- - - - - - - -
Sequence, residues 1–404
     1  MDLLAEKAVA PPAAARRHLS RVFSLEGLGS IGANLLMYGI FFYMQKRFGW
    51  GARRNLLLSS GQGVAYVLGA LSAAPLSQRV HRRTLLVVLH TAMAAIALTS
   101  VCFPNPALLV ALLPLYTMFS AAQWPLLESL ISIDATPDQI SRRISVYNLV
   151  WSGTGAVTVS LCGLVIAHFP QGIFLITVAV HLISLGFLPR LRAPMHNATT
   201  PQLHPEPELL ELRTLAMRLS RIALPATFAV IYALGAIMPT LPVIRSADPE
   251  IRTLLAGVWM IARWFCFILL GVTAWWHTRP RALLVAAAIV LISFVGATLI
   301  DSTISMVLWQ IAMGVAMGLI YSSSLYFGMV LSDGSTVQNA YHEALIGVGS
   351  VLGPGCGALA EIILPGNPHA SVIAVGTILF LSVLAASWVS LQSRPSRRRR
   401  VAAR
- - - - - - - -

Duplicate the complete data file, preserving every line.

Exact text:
Sequence, residues 1–404
     1  MDLLAEKAVA PPAAARRHLS RVFSLEGLGS IGANLLMYGI FFYMQKRFGW
    51  GARRNLLLSS GQGVAYVLGA LSAAPLSQRV HRRTLLVVLH TAMAAIALTS
   101  VCFPNPALLV ALLPLYTMFS AAQWPLLESL ISIDATPDQI SRRISVYNLV
   151  WSGTGAVTVS LCGLVIAHFP QGIFLITVAV HLISLGFLPR LRAPMHNATT
   201  PQLHPEPELL ELRTLAMRLS RIALPATFAV IYALGAIMPT LPVIRSADPE
   251  IRTLLAGVWM IARWFCFILL GVTAWWHTRP RALLVAAAIV LISFVGATLI
   301  DSTISMVLWQ IAMGVAMGLI YSSSLYFGMV LSDGSTVQNA YHEALIGVGS
   351  VLGPGCGALA EIILPGNPHA SVIAVGTILF LSVLAASWVS LQSRPSRRRR
   401  VAAR